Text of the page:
EHR Document Corrections
The electronic health record (EHR) is the legal and business record of the healthcare organization. Information in the EHR is relied upon to accurately and safely treat patients, as well as to carry out business including obtaining medical history for providers, billing purposes, and organizational reporting needs. Therefore, maintaining accurate information in the EHR is important. With a variety of staff members accessing the health record, errors can be expected to occur. When they do occur, it is important for an organization to have clearly defined policies and procedures for addressing these errors. In addition, it is the patient’s right to request amendment of information they find to be inaccurate.
Altering electronic documents degrades the integrity of the record and careful consideration should be taken to ensure the necessity of corrections and adherence to the policies and procedures. Correction processes should be as transparent as possible and clearly identify altered records as such. This transparency is necessary when called upon to speak to the integrity of the documentation for audit and litigation purposes.
- 1 Guidelines
- 2 References
Developing Policies and Procedures
Each healthcare organization is responsible for determining their own policies and procedures for document corrections, amendments, and deletions. These policies and procedures should be in line with the American Health Information Management Association (AHIMA) guidelines, Health Insurance Portability and Accountability Act (HIPAA) standards, and good judgment on the part of the Health Information Management administrator. Policies and procedures will vary depending on the organization and the EHR capabilities for managing alterations.
Specially trained health information management (HIM) staff who are dedicated to upholding the integrity of the legal health and business record should be responsible for assisting staff with document corrections. This will ensure that the chart is reviewed by a second party to confirm that the change is justified and the requested course of action is the most sound. This is in line with HIPAA standard for integrity 45 CFR 164.312(c)(1) which protects health information from improper alteration or destruction. Alterations made to documents by HIM staff must be identifiable in audit logs for as long as the health records are maintained.
Types of Corrections
Addendums add omitted information to an existing document without altering the original document.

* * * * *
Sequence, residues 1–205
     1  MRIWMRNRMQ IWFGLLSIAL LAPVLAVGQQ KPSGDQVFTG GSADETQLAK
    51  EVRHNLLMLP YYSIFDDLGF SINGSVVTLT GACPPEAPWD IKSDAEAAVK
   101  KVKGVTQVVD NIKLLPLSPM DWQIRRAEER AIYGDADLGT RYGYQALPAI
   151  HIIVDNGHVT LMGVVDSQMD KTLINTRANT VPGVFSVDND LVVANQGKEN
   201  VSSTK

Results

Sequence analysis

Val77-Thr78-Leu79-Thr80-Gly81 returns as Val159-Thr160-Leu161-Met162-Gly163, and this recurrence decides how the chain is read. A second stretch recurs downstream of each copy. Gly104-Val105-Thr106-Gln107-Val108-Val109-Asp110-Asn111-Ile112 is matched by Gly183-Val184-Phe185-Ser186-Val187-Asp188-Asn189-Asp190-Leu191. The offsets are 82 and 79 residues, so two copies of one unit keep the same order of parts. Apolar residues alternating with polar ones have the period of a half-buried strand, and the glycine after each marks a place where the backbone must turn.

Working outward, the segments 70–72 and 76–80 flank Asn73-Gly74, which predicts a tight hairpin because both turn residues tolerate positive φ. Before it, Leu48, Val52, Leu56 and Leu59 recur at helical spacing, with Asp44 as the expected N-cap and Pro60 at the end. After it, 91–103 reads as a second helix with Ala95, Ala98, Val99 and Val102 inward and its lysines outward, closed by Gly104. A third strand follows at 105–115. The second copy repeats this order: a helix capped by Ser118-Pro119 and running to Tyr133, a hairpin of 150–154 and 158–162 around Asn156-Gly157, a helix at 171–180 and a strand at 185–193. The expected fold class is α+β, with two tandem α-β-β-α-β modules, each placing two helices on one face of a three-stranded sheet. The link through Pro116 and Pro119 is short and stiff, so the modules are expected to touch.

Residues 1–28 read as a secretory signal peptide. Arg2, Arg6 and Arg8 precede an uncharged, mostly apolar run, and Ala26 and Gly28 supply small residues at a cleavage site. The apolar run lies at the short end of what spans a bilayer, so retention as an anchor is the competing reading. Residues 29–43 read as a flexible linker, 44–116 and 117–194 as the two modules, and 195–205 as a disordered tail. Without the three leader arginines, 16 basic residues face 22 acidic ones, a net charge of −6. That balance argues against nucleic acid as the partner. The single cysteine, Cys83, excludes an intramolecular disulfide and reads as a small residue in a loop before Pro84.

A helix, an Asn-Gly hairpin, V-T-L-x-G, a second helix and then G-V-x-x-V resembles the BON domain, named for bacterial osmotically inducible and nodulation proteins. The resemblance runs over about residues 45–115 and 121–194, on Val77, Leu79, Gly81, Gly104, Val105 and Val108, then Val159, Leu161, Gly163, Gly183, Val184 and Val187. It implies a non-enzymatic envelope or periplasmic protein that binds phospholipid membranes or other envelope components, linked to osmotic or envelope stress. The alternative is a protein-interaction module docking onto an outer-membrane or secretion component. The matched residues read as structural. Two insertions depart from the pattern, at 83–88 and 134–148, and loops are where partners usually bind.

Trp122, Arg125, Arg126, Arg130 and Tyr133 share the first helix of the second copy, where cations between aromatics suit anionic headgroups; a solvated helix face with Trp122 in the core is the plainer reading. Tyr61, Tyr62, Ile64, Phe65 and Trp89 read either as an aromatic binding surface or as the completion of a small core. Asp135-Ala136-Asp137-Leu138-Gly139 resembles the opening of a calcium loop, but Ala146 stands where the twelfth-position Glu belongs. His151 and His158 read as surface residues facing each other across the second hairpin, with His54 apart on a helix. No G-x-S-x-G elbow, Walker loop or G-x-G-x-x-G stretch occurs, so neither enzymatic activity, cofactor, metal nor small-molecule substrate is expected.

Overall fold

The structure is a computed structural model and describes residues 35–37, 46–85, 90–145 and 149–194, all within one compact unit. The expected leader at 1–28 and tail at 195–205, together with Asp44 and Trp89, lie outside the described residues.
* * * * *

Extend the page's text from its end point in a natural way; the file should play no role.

Example: Foot pain was not mentioned in original document. Addendum to original document notes that patient complained of pain in their left foot, rating pain as 3 out of 10 and a contusion was noted. No history of foot pain and patient indicated contusion followed dropping a box on the foot while moving.
Amendments are used to clarify information presented in the original document without altering the original document.
Example: Amended documentation clarifies that the reference to “foot” means patient’s left foot.
Corrections change the information in the document.
Example: Original document noted that the patient complained of pain in the right foot. Corrected information clarifies that pain was in the left foot.
Deletions eliminate incorrect information from a closed/finalized document.
Example: A note was placed in the wrong patient’s chart so it is removed from the incorrect chart.
Request and Correction Process
User requests for HIM involvement for alterations to the record should be in writing via email or an online request form. Information necessary for alteration includes a minimum of a unique patient identifier, clear identification of the document that needs alteration, the specific reason alteration is needed, the requested type of alteration, and permission from the user to alter the document. This information along with verification of the necessity and validity of the alteration by HIM staff will help protect the user, the HIM staff, and the organization in the event of audit or litigation. Records of these requests should be kept for the same duration that the health records are maintained.
It is recommended that patient requests to amend their protected health information (PHI) be in writing. This will allow clearer communication and proof of the request which should be retained for the same duration as the patient's health record. HIPAA standard 45 CFR 164.526 covers rules for addressing patient requests to amend PHI.
Addendums and amendments can generally be handled by the provider by adding a subdocument to the original document. All staff with EHR access should be trained of the appropriate uses for each of these subdocuments.
A system should be in place to “soft delete” documents. This means that a document will be removed from view in the patient chart but will be available if needed for future audits or litigation. This is also in line with HIPAA standard for integrity 45 CFR 164.312(c)(1). Deletion of documents is a valid option when documents are entered into the wrong patient chart or the information contained in the document cannot be adequately addressed with an addendum or amendment subdocument or other means of correction and could affect future treatment or vital patient information.
Corrections to Released Information
Additional policies are needed to address how corrections to previously released information will be handled. These procedures should include a system or tool to track or identify addended, amended, and altered documents.
1. American Health Information Management Association. Amendment, Corrections and Deletions Technical Paper [Online]. 2011 Oct.
2. Health Insurance Portability and Accountability Act (HIPAA). http://www.gpo.gov/fdsys/search/pagedetails.action?granuleId=CRPT-104hrpt736&packageId=CRPT-104hrpt736
Submitted by Julie Byars